Paolo Pretto, Max Planck, Tubingen
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What happens when you drive in fog? Paolo Pretto from the Max Planck Institute for Biological Cybernetics in Tubingen, Germany, clarified a few issues related to driver’s perceptions of their speed in foggy conditions. He explains to Martha Henriques.
Paolo - So, there are a lot of accidents in fog, right? We blame low visibility condition and there were a couple of papers in the past that just said we can't explain why this happens and they provided an explanation which was quite comfortable when you drive in fog, because fog is simply a natural way to reduce visual contrast. And we know that a low visual contrast leads to lower perceived speed then what happens to the driver is they perceive their own speed being lower and therefore, you accelerate to match what the actual speed will look like in clear visibility conditions. So, what this paper did was they brought this to a situation of self-motion. So, when there is no object moving, but the observer itself is moving in the environment. So, they considered this for the first time. And, probably, the way they reduce their contrast was the same way that used in the laboratory conditions. So, they reduced the contrast of the visual seeing of the driver in a driving simulation uniformly, independently of depth, independently of the distance from the observer. And so, that's what was missing in the previous study and that's what we did in our new study.
Martha - And in those previous studies, their simulations were more like driving with a misted up or dirty windscreen whereas you adjusted contrast so that it seemed more like actually looking at fog outside through a clear windscreen. Why is that an important difference and how does that affect human perception of speed when driving?
Paolo - The difference is quite simple. So, no one ever tried before to simulate a gradient of contrast reduction. So, a contrast which is not reduced uniformly all over the visual field. But different regions have different contrast reductions and that's basically the new part.
Martha - So, you created a more realistic simulation of driving in foggy conditions and the initial models used were essentially just too simple and you've added a few more factors to make it...
Paolo - So, we’re not appropriate. We’re simulating a realistic fog.
Martha - Once you have this better idea of the way fogs should be modelled, what happened when you got some drivers into these simulators, the testing?
Paolo - Well, we used different methods. We did some study on the perceptual side. So, studies which are basically passive for our subjects so they don't have to do a driving path. But with this kind of methodologies, we can somehow quantify their perception. We can relate their internal representation of their speed to the actual current physical speed that they're driving at. So, we measured what is technically called the point of subjective equality. So, when two different speeds are met to different scenes, moving scenes. With that, we derive the perceived velocity, the perceived speed of the driver. And now, the method that we use was more like a behavioural neuroscience method. So, we asked our participants, our subjects to drive, to do some driving tasks and by trying to match a given target speed. They were trained to reproduce before the real experiment. With that long, we could measure the other side. So, we could measure the production of speed. By that, we could relay the effect of perceived speed that we measured in the psychophysical experiments with the observable changes in the behaviour of the drivers that we measured in the second experiment.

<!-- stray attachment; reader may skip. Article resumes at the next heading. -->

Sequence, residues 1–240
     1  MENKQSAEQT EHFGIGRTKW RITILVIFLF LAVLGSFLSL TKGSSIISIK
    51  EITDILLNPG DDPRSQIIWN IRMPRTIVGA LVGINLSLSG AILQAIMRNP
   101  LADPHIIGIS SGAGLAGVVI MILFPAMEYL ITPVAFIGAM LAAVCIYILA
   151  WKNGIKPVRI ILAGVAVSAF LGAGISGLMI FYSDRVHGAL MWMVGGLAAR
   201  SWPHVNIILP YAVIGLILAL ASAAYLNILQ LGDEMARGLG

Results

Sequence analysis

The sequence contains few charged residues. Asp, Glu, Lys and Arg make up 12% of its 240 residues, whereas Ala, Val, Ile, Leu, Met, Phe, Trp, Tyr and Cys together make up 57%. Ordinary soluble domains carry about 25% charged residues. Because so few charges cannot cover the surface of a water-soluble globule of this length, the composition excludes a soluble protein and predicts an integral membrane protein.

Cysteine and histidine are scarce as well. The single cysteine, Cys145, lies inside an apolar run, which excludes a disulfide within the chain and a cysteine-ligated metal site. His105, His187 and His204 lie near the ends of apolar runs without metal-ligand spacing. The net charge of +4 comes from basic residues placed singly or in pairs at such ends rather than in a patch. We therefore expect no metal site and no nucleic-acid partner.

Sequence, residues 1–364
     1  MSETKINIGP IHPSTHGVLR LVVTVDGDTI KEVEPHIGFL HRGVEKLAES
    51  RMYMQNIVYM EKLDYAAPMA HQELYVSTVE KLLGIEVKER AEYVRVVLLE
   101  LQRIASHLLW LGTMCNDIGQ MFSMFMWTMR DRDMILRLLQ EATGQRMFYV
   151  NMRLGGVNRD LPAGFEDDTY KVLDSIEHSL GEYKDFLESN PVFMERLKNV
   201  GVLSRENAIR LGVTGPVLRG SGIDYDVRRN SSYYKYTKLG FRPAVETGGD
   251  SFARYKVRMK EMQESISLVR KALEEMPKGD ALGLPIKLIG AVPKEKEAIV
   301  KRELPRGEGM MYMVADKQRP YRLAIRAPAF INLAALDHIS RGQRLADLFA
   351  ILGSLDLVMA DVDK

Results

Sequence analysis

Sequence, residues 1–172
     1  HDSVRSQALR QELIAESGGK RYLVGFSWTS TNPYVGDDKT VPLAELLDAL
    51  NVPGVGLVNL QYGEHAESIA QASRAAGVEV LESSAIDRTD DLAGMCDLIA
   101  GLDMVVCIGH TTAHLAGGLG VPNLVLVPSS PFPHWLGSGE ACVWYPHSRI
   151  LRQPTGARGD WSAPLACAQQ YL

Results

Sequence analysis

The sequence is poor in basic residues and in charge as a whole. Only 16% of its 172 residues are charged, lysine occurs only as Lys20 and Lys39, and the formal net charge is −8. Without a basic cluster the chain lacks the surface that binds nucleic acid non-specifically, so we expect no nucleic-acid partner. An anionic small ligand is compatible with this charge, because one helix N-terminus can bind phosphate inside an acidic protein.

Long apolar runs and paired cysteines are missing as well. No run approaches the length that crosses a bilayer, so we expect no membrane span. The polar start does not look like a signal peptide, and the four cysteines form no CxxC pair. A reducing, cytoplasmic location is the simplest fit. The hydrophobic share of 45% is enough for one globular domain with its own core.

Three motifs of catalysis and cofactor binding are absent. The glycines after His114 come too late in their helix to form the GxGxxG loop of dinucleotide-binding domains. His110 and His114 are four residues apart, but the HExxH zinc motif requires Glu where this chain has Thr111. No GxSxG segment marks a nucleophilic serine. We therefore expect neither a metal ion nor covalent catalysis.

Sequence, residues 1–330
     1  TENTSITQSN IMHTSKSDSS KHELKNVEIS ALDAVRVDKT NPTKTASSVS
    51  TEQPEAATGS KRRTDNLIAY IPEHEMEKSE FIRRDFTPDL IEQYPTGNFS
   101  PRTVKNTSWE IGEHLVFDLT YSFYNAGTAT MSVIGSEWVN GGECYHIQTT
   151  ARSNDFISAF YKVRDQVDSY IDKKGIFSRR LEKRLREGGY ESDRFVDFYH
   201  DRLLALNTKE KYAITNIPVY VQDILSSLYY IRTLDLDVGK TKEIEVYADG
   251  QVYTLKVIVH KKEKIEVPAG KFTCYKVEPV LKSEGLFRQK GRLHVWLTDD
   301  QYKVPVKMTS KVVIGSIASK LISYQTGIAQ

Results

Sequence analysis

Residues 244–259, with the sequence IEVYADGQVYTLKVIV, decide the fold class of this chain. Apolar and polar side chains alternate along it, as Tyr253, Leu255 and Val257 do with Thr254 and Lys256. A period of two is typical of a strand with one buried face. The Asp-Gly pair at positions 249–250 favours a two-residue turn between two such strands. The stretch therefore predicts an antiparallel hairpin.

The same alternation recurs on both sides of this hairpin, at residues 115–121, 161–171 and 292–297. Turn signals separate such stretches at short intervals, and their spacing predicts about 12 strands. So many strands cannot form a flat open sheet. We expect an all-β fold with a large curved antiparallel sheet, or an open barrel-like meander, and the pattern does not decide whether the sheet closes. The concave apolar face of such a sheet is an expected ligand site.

Martha - So, you found that the perceived speed was significantly higher than the speed produced by the drivers in the simulator. Meaning, they would actually tend to drive more slowly in foggier conditions. So in fact, our instincts seem to be telling us to do the sensible thing and slow down. So in fact, speed perception doesn’t seem to be a factor that would make us more prone to traffic accidents in fog after all.
Paolo - What we did in our study was to concentrate on the perceptual effects, on the visual motion that was processed by the drivers. But we know that when we drive that it’s not only perception going on. We have also our own motivations. For example, if we are in a hurry, if we have an appointment, we will speed up. We will drive faster. So, we simply will ignore what our perception, what our brain will suggest that. there are a lot of higher order cognitive factors that overcome the perceptual effects. If we try to simplify and we try to analyse separately the perception, that's what we found. So, the brain would kind of suggest that to drive safely. We don't do it obviously.
Martha - And so, how do you think these findings might influence say, road safety campaigns or policy? What do you think might be the practical applications that your work could contribute to?
Paolo - At the time we conceived the study, we were not really concerned about practical applications. But after seeing the results, we actually realised that this could be kind of useful for many different fields. For example, we know that in the driving simulation community, there is always a problem, and the problem is that in the simulation, all the drivers over estimate their own speed. With our findings, we could think of some application in the future where playing around with the contrast of the visual scene, we could somehow adjust more or less efficiently towards higher or lower levels of perceived speed in the simulation.